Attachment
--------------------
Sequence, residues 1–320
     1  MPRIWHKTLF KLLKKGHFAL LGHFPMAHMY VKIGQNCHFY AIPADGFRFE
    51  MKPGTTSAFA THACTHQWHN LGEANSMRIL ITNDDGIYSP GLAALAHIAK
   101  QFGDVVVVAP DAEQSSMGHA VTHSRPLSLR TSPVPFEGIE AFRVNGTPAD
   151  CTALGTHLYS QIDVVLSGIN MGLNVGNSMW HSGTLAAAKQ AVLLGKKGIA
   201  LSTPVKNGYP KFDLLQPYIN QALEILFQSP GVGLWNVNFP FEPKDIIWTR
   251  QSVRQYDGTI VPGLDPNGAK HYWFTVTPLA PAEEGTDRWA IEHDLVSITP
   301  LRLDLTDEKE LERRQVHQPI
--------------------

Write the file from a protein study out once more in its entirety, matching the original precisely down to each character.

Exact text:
Sequence, residues 1–320
     1  MPRIWHKTLF KLLKKGHFAL LGHFPMAHMY VKIGQNCHFY AIPADGFRFE
    51  MKPGTTSAFA THACTHQWHN LGEANSMRIL ITNDDGIYSP GLAALAHIAK
   101  QFGDVVVVAP DAEQSSMGHA VTHSRPLSLR TSPVPFEGIE AFRVNGTPAD
   151  CTALGTHLYS QIDVVLSGIN MGLNVGNSMW HSGTLAAAKQ AVLLGKKGIA
   201  LSTPVKNGYP KFDLLQPYIN QALEILFQSP GVGLWNVNFP FEPKDIIWTR
   251  QSVRQYDGTI VPGLDPNGAK HYWFTVTPLA PAEEGTDRWA IEHDLVSITP
   301  LRLDLTDEKE LERRQVHQPI